Wellingtonian Jennifer O'Sullivan is constantly putting herself on the line.
She's an improv performer - meaning she performs with no script and no clear idea about what will happen (to find out more background, read this link). But while many people would consider this torture, Jennifer wouldn't have it any other way. This year she is performing several pieces at Fringe Festival from a 10-hour Soap about Naenae in Deep Space to a podcast involving...Jam? We sat down for before the Fringe Festival at Nikau to have a chat about how she got into improv theatre and whether it is really easy or harder than traditional scripted drama.
Girl from the Hutt
Jennifer is from Upper Hutt, born at Ellerslie Hospital. She moved into Wellington when she was twenty and has lived here ever since. “My mum always jokes I talk a lot but I just have a sound voice - my mother is partially deaf - and I stomp around the house,” Jennifer says rapidly of her upbringing. Indeed, talking to Jennifer is like a hurricane hitting you as she is able to reel off her history of performance, bang, bang, bang.
"My mum always jokes I talk a lot but I just have a sound voice - my mother is partially deaf - and I stomp around the house,” Jennifer says rapidly"
She attended Upper Hutt College and got into improvisation through a course run at school on theatre sports. It proved to be a key life moment. “My art teacher at school put a notice in our school notices in 1996. It said to come and try out theatre sports. I think I did it because I liked my art teacher” Jennifer laughs. “At university, I joined as it was my hobby. I also got into stand-up comedy at the same time. I had an eighteen-month break and then someone told me they were running a class and I should come."
What is it about improvised theatre Jennifer loves, something which would be many people’s worst nightmare? “The lazy part of me says not having a script. But also it makes it harder. You have to get used to making mistakes. At the same time, that’s where the magic happens. No show is the same - you have to be there. Even if I doing a season of shows you aren’t going to see the same thing because no night has the same audience and anything can happen.
“The lazy part of me says not having a script. But also it makes it harder. You have to get used to making mistakes"
Jennifer works her improv in a structured manner, decided in advance, Jennifer explains. “A few years ago I did ‘Definitely not Witches’, playing on tropes and ideas. We did a further show called ‘Definitely not The Babysitters Club’. We did improvised episodes, looked at the structure of the books and workshoped the characters. By contrast, Chicago-style of improv stands on its own. There’s no other version of it somewhere else. I really like that. It comes from pure performance - from nothing."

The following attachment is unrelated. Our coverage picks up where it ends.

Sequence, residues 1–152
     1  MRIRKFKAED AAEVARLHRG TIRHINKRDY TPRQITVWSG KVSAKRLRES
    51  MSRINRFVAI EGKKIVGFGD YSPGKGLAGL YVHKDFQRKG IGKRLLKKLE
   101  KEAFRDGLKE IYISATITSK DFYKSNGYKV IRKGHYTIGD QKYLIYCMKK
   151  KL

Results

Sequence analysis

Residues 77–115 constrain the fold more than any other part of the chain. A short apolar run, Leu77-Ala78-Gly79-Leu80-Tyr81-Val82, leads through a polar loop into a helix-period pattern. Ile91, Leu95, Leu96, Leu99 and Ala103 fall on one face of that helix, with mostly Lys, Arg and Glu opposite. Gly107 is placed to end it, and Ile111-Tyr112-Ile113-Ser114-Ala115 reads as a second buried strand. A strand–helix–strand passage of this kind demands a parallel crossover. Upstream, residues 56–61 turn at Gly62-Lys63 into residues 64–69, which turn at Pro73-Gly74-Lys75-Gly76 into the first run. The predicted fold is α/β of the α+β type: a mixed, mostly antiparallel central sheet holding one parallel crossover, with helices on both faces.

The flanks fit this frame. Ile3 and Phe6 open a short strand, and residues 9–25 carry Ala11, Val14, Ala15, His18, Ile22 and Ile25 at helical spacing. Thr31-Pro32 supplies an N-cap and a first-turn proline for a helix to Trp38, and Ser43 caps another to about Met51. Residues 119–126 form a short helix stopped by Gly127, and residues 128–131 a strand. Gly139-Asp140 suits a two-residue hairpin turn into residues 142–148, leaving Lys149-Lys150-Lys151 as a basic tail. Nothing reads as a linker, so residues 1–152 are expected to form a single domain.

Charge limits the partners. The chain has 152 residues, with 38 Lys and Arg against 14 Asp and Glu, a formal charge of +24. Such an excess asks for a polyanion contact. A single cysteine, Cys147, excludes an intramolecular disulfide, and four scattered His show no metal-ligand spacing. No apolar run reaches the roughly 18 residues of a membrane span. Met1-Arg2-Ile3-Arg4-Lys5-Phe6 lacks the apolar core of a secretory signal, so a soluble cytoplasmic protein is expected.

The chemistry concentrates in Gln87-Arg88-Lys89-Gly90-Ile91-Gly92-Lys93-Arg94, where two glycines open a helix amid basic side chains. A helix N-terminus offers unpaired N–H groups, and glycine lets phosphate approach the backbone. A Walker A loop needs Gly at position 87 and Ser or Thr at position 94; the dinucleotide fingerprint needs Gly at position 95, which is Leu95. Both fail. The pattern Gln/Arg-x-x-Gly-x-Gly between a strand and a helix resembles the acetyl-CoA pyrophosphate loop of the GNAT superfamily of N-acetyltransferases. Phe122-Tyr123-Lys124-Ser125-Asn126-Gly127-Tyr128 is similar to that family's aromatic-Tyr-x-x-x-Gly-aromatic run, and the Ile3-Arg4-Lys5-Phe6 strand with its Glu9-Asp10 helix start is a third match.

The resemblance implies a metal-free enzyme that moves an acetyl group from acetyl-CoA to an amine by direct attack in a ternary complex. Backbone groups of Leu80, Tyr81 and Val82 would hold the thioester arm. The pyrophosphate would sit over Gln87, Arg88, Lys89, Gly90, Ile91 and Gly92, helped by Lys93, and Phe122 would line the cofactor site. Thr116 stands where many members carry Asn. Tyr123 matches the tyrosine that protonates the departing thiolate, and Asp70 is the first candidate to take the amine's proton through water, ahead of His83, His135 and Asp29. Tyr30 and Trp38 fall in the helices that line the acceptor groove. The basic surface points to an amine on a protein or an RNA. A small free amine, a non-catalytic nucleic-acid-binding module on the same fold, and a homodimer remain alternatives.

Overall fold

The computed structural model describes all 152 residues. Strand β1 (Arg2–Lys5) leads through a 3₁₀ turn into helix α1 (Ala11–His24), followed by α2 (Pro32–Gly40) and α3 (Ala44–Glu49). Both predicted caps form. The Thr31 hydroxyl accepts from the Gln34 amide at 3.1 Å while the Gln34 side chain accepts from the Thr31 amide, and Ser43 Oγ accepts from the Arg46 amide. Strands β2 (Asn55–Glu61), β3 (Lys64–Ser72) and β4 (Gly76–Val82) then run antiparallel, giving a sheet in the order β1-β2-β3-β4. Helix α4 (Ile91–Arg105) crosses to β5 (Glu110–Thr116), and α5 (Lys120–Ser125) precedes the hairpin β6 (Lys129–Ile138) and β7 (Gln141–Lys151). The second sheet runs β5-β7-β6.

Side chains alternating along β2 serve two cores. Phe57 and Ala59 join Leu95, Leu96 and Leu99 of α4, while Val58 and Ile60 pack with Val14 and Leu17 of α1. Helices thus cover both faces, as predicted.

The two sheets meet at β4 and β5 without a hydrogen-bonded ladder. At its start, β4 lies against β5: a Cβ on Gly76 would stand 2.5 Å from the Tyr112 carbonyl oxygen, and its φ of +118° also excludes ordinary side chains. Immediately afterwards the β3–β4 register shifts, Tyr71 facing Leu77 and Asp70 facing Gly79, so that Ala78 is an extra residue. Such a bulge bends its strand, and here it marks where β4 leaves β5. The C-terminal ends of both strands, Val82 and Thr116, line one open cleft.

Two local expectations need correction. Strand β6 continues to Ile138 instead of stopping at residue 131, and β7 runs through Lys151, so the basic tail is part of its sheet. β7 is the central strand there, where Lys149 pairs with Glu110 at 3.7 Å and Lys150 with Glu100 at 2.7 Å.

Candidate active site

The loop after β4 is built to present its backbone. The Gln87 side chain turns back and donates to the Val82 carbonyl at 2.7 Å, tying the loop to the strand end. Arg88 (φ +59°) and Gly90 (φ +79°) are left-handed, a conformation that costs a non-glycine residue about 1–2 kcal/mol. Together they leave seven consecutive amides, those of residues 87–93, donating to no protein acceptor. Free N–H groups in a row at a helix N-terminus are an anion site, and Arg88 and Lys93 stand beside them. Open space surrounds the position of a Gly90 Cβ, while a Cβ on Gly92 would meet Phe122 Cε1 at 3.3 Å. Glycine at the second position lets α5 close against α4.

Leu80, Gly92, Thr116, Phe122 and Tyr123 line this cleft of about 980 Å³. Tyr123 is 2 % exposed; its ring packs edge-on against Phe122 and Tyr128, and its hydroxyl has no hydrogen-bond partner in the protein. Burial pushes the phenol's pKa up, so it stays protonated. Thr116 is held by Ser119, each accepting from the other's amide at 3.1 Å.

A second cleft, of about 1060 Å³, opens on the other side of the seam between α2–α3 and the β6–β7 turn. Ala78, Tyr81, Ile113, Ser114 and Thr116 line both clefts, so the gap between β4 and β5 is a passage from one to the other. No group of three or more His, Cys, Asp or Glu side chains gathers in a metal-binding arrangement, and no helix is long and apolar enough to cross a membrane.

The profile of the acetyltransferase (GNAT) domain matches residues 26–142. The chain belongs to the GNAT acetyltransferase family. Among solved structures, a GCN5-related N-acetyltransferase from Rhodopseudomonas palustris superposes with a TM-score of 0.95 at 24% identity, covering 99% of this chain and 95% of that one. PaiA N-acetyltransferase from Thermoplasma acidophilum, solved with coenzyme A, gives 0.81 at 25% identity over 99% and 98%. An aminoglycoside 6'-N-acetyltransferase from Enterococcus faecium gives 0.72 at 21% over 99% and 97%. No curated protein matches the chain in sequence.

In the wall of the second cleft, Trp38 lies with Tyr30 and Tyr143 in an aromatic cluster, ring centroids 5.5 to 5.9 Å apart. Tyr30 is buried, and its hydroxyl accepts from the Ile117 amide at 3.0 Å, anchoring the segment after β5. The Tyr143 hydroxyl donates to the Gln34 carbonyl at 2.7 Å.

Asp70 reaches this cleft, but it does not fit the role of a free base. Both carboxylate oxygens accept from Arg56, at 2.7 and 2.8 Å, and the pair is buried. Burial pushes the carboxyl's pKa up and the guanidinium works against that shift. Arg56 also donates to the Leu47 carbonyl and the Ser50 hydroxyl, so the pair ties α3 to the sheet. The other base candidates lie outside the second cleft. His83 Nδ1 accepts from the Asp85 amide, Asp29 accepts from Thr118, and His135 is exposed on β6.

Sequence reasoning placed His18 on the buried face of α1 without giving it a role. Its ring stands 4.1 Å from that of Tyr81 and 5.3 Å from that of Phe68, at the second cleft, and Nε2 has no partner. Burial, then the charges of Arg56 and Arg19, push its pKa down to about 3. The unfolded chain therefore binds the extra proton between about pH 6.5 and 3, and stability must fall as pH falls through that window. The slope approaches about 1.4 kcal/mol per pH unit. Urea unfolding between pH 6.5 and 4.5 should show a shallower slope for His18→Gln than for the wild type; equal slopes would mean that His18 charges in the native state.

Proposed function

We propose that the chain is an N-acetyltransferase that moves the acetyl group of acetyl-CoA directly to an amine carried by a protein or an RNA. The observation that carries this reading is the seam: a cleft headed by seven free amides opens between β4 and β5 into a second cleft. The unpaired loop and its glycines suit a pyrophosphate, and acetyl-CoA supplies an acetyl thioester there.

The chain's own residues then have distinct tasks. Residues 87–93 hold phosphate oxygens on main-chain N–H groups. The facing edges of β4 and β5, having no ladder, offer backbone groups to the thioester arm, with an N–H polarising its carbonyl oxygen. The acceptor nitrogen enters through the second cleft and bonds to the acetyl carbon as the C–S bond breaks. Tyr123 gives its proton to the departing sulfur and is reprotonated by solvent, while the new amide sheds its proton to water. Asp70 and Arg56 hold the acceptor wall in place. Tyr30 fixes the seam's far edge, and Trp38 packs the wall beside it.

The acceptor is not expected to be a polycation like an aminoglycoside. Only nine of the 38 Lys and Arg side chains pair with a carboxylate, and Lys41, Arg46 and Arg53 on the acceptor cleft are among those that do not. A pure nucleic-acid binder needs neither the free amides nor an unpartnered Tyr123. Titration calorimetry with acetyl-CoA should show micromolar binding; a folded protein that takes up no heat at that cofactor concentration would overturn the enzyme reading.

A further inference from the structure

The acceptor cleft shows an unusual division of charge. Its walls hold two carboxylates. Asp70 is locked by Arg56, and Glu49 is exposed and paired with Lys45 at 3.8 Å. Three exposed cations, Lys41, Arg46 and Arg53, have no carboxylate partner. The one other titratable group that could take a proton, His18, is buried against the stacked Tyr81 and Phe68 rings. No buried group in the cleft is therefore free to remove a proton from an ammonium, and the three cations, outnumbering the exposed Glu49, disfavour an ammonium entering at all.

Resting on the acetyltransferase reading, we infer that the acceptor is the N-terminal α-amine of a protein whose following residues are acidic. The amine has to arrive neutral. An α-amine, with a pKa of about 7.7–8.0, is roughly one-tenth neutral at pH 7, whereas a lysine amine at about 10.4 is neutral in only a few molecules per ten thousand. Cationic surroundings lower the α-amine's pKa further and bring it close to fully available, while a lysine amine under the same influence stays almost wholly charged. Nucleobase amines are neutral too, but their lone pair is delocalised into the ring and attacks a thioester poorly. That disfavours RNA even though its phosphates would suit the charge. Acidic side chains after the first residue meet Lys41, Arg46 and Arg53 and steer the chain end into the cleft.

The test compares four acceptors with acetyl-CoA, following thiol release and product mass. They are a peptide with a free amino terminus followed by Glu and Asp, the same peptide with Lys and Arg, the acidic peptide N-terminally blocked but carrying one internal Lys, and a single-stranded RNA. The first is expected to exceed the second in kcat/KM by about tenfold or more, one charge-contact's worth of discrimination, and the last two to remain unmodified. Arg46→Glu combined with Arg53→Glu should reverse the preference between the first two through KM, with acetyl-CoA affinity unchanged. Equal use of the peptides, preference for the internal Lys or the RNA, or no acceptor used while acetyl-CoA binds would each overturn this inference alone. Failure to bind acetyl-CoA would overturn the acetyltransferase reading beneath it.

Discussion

A Kiwi Space Station
At Fringe, Jennifer has created ‘Deep Space Nae Nae’. This Fringe is the third time Jennifer has run an improvised soap-a-thon. “Some soap-a-thons in the Improv world go to 52 hours. That’s totally crazy. This year, we’ve 10 episodes of about fifty minutes and the premise is that we are in a New Zealand space station. There are some people who are aliens and some who are humans. And we’ll just see what happens in 10 hours.”
“You can’t beat Wellington on a good day. I hate it but I really do believe that"
'Easy Living' is Jennifer’s other show, based on small town New Zealand life. “It’s based on the kind of characters you know from small town life like the guy who always hangs around the corner shop with a cigarette. Everyone else has known these people.” She’s also done a podcast called ‘What’s your Jam’ interviewing people through Fringe.
More to her than theatre...
Outside of improv, Jennifer loves watching trashy TV or movies like Captain America and the Fast and Furious movies, going to the beach and hanging on Twitter. Walking through Wellington is something Jennifer treasures. “You can’t beat Wellington on a good day. I hate it but I really do believe that. If there were more people would be the best thing but I want it to keep its walkability. It has the best cafe’s, the best people.”
So does doing improv mean she's naturally confident all the time? Apparently not. Jennifer thinks she's confident talking to people on stage when they know she’ll be there. “I don’t like giving impromptu speeches. Also, as a freelancer holding myself to deadlines can be frustrating to manage. I’m confidence doing improv and making offers of ideas which is important for improv. I’m less confident directing people. I don’t like being so hard-assed. I’m excited to study directing in my Masters in Performance at Victoria University coming up this year so I can find a way through.” Jennifer also says she finds sticking to things difficult and seeing them through to the end when there are so many creative pies to have. I’m also bad at doing laundry” she laughs.
“It’s also a place where you can see experienced people pull off new material. Things can be either amazing or a train wreck. It’s incredible”
Finally, I ask her why she love the Fringe Festival? Like many Wellingtonians, Jennifer thinks the Fringe is a great place to explore and find people who haven't done anything before. “It’s also a place where you can see experienced people pull off new material. Things can be either amazing or a train wreck. It’s incredible” she says. I would have to say, I'd agree.